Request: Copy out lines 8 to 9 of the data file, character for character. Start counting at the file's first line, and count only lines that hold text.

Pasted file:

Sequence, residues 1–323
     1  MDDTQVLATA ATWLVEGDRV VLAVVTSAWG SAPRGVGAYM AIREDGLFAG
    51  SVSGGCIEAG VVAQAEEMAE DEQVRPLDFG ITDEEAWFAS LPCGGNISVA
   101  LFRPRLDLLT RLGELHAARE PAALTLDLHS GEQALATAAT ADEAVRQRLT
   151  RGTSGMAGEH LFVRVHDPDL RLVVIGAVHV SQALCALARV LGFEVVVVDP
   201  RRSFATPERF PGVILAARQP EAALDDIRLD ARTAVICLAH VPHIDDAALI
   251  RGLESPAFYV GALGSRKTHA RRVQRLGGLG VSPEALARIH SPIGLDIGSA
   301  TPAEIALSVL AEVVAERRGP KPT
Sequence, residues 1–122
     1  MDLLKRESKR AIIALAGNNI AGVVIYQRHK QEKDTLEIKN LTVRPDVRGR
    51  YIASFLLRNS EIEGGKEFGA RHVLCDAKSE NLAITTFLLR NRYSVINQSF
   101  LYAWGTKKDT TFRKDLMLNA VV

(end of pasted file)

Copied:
   301  TPAEIALSVL AEVVAERRGP KPT
Sequence, residues 1–122